5 Alfred E. von Overbeck Founded in 1893, The Hague Conference on Private International Law enjoyed some success before World War I, engaged in limited activities between the two wars, and then experienced a renaissance after A small Permanent Bureau was established and has overseen the drafting of thirty-seven conventions up to Petar Šarčević was very interested in the work of the Hague Conference and we discussed it many times. He became Delegate of Croatia in 1996 when the Conference drafted a Convention on the protection of children. 4 As President of The International Society of Family Law, he was very qualified to deal with these matters. This very successful Convention replaced a former Convention of 1960, 5 which I knew very well because I had participated in its drafting as a Secretary of the Permanent Bureau. In the nineties the Conference was very different from the one I knew when I began to work there in At that time, only continental European States, the United Kingdom and Japan were Members of the Conference. Most of the Delegates were outstanding specialists in the field and were quite free to propose solutions based on their expertise. Since then, the Membership has increased to 65 States (March 2006), making it more difficult to reach agreement. In addition, many Delegates are now bound by strict instructions from their Government. This, however, did not apply to Petar Šarčević. If he had not passed away, he would have played a major role in establishing a convention on unmarried couples, which the Conference plans to draft. He had studied this subject very thoroughly and was scheduled to lecture on Private International Law Aspects of Non-Marital Cohabitation at the Hague Academy of International Law in July The Institute of International Law, an Academy with a limited membership, deals with both public and private international law, the accent being on the former. 6 It is very renowned and for a long time was one of the few bodies interested in this field. Since 1945 it faces more competition as a result of the numerous governmental and non-governmental organisations which deal with different aspects of International Law and often have significantly greater human and financial resources. Nevertheless, cooptation to the Institute is still the ambition of many international lawyers. Candidates are first elected as an Associate and then promoted to a Member after a few years , edited by P. ŠARČEVIĆ, P. VOLKEN and A. BONOMI, published by Sellier European Law Publishers and Staempfli in association with the Swiss Institute of Comparative Law. 3 See the Proceedings Actes et Documents of each Session, <http://www.hcch. net>. 4 Convention on Jurisdiction, Applicable Law, Recognition, Enforcement and Cooperation in Respect of Parental Responsibility and Measures for the Protection of Children of October 19, 1996, which is in force in twelve States and has been signed by many more. 5 Convention Concerning the Powers of Authorities and the Law Applicable in Respect of the Protection of Infants of October 5, See the Proceedings Annuaire de l Institut de Droit international: <http:// 2 Yearbook of Private International Law, Volume 8 (2006)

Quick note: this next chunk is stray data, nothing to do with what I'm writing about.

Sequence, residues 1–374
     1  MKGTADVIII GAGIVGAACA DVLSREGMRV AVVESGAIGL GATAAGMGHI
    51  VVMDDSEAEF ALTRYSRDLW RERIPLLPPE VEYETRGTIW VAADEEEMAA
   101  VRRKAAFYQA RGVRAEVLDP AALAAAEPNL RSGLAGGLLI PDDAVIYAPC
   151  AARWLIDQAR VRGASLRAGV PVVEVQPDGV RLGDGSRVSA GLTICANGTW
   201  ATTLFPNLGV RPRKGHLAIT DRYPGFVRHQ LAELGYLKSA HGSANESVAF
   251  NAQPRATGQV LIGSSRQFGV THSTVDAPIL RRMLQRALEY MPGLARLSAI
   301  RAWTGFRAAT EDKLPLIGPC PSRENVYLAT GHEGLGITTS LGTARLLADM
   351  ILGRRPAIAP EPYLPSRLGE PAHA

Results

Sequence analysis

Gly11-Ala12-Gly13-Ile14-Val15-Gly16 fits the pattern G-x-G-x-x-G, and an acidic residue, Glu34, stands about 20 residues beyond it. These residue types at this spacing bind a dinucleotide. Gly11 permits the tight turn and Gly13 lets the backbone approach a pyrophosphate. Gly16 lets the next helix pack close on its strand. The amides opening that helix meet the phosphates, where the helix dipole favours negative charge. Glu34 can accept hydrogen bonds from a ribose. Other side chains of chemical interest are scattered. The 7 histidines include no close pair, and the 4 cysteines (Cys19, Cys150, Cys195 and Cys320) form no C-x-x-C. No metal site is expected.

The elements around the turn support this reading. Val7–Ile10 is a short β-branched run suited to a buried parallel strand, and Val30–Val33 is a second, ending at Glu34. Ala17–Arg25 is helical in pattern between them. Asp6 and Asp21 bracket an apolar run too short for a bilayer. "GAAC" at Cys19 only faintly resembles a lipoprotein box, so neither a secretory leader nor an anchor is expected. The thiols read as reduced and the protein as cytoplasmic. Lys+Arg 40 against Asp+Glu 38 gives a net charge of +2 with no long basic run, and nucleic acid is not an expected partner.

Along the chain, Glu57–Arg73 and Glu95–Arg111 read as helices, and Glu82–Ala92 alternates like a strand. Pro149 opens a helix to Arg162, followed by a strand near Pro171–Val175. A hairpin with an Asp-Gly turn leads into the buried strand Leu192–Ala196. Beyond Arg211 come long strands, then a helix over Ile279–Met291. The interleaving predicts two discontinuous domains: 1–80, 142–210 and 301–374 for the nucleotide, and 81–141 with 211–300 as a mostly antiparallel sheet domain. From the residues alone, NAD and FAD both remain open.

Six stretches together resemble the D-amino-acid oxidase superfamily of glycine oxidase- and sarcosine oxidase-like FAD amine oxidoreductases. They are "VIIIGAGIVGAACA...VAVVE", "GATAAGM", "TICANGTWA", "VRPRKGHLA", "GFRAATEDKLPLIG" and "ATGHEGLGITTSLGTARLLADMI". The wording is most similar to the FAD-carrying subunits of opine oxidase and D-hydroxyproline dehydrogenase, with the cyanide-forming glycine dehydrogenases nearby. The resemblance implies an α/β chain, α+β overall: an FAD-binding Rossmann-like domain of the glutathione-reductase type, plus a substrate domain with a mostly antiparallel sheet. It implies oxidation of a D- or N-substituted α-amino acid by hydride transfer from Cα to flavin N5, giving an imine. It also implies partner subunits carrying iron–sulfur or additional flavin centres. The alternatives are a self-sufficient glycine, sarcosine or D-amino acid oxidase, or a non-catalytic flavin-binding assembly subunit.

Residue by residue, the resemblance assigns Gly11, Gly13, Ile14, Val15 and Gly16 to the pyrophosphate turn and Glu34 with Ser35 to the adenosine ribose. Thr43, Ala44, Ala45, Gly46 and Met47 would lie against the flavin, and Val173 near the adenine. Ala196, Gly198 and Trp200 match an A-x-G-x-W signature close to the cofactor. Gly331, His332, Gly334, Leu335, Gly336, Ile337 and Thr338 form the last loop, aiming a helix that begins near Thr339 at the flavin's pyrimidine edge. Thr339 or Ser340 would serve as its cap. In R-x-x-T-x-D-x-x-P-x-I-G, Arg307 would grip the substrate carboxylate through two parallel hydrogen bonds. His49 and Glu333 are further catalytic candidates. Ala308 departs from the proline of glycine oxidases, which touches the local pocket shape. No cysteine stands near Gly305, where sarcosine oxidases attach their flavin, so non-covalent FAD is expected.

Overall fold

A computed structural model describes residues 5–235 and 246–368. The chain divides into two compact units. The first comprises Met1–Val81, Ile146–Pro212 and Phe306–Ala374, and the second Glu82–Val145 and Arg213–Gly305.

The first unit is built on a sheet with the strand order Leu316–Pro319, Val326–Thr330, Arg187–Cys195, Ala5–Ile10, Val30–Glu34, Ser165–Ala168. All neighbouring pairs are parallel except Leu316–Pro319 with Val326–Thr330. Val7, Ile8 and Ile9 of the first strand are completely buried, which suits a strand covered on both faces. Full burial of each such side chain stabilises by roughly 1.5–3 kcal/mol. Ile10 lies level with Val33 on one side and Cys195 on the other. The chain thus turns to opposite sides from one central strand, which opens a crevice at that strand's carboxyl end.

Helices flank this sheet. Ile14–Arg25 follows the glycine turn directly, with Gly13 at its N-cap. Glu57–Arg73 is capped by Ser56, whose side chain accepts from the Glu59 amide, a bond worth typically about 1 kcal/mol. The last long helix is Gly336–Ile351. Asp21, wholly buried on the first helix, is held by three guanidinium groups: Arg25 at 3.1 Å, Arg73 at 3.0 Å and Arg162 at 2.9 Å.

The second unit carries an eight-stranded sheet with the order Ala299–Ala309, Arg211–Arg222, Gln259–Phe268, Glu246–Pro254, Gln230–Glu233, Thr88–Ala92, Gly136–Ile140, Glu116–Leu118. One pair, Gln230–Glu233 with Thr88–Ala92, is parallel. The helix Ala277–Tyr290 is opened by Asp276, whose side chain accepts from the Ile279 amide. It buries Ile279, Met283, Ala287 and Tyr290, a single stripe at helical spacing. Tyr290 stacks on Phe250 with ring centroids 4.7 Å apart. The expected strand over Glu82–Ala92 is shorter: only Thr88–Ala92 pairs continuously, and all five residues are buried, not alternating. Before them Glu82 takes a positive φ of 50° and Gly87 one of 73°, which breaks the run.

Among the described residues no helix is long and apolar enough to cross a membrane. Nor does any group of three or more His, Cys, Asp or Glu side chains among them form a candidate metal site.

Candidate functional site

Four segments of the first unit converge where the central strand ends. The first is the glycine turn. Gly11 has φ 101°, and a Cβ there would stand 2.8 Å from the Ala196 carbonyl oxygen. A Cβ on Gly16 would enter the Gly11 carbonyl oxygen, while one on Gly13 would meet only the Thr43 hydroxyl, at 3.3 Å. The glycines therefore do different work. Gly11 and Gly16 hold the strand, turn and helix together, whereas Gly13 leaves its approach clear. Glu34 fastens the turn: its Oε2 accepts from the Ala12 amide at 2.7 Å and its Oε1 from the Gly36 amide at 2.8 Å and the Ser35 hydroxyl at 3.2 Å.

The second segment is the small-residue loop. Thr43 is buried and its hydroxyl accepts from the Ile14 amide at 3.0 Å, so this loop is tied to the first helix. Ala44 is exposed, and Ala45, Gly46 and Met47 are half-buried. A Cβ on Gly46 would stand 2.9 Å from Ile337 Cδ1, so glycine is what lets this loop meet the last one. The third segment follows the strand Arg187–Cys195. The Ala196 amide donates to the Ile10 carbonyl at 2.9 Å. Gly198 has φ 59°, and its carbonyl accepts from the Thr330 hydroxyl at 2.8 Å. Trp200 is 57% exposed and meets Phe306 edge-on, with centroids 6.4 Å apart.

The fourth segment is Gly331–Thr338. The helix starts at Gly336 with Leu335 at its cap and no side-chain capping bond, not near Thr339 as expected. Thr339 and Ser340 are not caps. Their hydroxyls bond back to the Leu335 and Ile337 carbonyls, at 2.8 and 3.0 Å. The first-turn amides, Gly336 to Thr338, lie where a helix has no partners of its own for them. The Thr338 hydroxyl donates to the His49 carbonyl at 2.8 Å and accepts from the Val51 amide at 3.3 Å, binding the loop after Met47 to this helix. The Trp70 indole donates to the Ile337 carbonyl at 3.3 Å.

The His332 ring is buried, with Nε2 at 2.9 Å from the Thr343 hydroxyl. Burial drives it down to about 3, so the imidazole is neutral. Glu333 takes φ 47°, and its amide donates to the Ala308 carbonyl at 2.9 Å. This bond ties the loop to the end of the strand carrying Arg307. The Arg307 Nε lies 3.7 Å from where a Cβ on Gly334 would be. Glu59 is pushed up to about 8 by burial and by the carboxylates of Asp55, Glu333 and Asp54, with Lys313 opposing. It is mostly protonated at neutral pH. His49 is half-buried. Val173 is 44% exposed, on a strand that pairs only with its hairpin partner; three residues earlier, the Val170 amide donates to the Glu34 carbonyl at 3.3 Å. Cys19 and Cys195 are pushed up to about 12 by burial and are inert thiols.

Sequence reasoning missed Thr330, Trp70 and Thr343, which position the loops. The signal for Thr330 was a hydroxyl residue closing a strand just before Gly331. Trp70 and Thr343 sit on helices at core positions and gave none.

6 Three Steps With Petar Šarčević After being elected as an Associate at the 1997 Session in Strasbourg, Petar Šarčević became a Member in The Strasbourg Session was the last one I attended and it was a great satisfaction for me to see Petar elected. Having participated in the work of the Institute since 1957, first as a Secrétaire rédacteur, then as Associate and Member, I had witnessed a slow change in the atmosphere of the meetings. Whereas most Associates and Members used to stay for the entire two weeks, many accompanied by their wife and children, today people have less time, tend to come alone and attend only part of the Session despite modern means of travel and communication. Petar Šarčević participated in the work of the Institute of International Law with his usual enthusiasm and energy and soon became Rapporteur of the Commission on Registered Partnerships in Private International Law. The choice of such subject by the venerable Institute shows how greatly ideas have evolved since the fifties! Petar Šarčević put considerable effort and care into the drafting of his report. We discussed the substance several times and the best way of presenting it in order to achieve a majority for a Resolution. We had our last discussion in Lausanne in March Although already greatly affected by his illness, Petar was still optimistic and hoped to present his report in Cracow in August. Unfortunately this was not to be The foreword of the first volume of the Yearbook of Private International Law (1999) reminds us that a large number of national codifications and international conventions were adopted in the twentieth century. The principles and solutions in the field of Private International Law have been thoroughly revised. New problems will arise in this century, the age of globalisation. New solutions will have to be found, especially because of the increasingly intense contacts between very different civilisations and legal systems. Petar Šarčević, with his open, creative and inquisitive mind, would certainly have greatly contributed to resolving these problems had he not died prematurely. The internationalists will miss him, but even more so will the many friends of this likeable, cultivated man. Yearbook of Private International Law, Volume 8 (2006) 3

7

8 IS A CONFLICT RULE FOR LIVING WILLS AND EUTHANASIA NEEDED? Tito BALLARINO I. Introduction II. An Ethical Foundation for the Living Will III. Euthanasia in the Conflict of Laws IV. The Living Will in the Conflict of Laws: Domestic and International V. The Hague Convention of 2000 on the Protection of Adults Does Not Regulate Living Wills VI. A Proposal for the Living Will in Conflict of Laws VII. Conclusion I. Introduction A living will is a document by which a person makes provisions for health care decisions in the event that in the future he/she becomes unable to make those decisions. It is the popular name for one of the two main types of the so called advance directives. 1 The other type of advance directive is the durable power of attorney for health care, 2 a document in which an agent is designated to make health care decisions if the patient becomes temporarily or permanently unable to do so ( proxy directive in the American literature). The decision spelled out in the document must be very specific in character, such as the following examples: implying drug or tube feeding; surgery; resuscitation; cardiopulmonary resuscitation (CPR); ventilators when the patient becomes terminally ill, or unconscious and not likely to wake up, or has suffered a severe stroke in such a way that he/she is dependant on others for all daily functions. The real scope of an advance directive is to extend a person s absolute right to refuse medical treatment into circumstances where the ability to communicate is lost, or to agree in advance to such treatments disclosing clearly that person s feelings. An advance directive is a legal document insofar as it produces effects on the person s right to make decisions about his/her body and health, a right which is Professor of law, University of Padua and the Catholic University of Milan. This paper is dedicated to the memory of my dear friend and colleague Petar ŠARČEVIĆ ( ). 1 In this paper advance directive and living will will be used synonymously. 2 See <http://www.med.umich.edu>. There is a third form too, which is sometimes separately available as well on the web: the do-not-resuscitate-order-form. Yearbook of Private International Law, Volume 8 (2006), pp Sellier. European Law Publishers & Swiss Institute of Comparative Law Printed in Germany